Prior to its economic reform in 1978, China experienced great social and political turmoil as its leader Zedong Mao launched a nationwide ‘Cultural Revolution’, attacking ideologies and economic practices that violated Marxist doctrines. The Cultural Revolution marked one of the darkest times in Chinese history as the entire country was driven to engage in class struggles. All citizens were involved in political campaigns for getting rid of persons suspected of being followers of capitalism, against the communist party or against the proletarian revolution. Political repression had ‘affected absolutely all tiers of government’; and ‘the country was thoroughly disrupted’ (Abramyan 2008: 97). As a result of the Cultural Revolution, millions of people died and little effort was paid by the government to develop China’s economy between 1966 and 1976. By the end of the Cultural Revolution in 1976, China had devolved into being one of the most backward and poorest countries in the world.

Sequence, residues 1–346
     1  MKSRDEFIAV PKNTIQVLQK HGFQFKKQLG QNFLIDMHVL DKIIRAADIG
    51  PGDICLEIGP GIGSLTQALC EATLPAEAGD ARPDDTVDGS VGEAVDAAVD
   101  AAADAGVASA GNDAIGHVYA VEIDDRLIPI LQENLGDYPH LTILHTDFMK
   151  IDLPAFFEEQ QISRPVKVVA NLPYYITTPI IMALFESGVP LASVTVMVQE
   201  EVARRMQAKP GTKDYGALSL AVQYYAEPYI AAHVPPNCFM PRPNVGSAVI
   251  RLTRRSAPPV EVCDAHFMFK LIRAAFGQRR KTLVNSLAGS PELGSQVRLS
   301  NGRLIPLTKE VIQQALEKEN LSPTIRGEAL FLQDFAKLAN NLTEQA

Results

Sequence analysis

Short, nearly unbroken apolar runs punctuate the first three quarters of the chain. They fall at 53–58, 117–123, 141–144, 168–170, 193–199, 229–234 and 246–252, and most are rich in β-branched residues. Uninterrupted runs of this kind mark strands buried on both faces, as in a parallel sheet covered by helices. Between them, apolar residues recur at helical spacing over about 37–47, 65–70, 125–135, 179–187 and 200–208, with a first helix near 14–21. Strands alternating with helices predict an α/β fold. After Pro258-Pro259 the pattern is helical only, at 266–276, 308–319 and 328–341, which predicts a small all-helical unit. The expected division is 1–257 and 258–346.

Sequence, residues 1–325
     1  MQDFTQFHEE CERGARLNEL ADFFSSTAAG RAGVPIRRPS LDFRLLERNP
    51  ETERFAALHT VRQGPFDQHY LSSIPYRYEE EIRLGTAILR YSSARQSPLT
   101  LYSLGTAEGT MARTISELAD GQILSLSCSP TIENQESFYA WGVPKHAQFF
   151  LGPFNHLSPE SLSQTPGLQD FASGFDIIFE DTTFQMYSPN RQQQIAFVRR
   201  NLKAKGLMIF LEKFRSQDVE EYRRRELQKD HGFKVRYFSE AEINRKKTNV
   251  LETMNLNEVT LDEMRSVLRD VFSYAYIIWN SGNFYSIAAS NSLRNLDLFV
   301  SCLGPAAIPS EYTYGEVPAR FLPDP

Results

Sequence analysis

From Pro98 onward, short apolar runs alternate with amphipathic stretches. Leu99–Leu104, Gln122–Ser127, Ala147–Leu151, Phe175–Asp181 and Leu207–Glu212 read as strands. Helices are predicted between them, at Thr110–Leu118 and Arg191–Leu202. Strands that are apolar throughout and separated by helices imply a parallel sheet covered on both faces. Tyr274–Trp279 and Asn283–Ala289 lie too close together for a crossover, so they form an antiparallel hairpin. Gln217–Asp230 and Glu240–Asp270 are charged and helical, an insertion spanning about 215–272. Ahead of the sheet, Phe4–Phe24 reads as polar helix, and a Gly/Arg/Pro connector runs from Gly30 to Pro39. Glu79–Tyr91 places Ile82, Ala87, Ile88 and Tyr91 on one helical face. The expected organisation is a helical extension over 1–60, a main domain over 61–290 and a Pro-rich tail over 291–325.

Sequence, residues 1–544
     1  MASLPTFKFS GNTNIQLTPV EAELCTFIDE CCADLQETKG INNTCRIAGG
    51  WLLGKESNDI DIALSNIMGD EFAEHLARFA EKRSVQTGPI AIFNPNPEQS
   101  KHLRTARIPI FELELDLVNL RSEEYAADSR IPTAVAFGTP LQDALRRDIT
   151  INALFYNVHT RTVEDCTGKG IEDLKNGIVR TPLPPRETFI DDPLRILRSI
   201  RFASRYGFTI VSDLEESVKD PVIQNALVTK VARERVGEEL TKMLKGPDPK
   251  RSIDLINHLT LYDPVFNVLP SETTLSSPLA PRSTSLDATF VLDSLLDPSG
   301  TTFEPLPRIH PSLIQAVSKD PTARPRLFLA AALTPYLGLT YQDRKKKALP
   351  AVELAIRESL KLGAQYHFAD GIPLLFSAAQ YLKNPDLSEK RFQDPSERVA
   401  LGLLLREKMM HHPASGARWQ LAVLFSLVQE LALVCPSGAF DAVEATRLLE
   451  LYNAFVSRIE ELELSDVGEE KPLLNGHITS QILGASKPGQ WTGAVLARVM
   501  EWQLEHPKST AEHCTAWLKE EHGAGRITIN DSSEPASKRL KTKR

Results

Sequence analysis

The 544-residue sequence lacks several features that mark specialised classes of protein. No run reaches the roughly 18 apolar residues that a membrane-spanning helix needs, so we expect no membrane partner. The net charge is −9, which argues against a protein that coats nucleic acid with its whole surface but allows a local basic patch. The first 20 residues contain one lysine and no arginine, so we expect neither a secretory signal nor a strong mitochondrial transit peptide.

|Title of host publication||China's social policy : transformation and challenges|
|Editors||Kinglun Ngok, Chak Kwan Chan|
|Place of Publication||Abingdon, Oxon|
|Publisher||Taylor and Francis|
|Number of pages||11|
|Publication status||Published - 1 Jan 2016|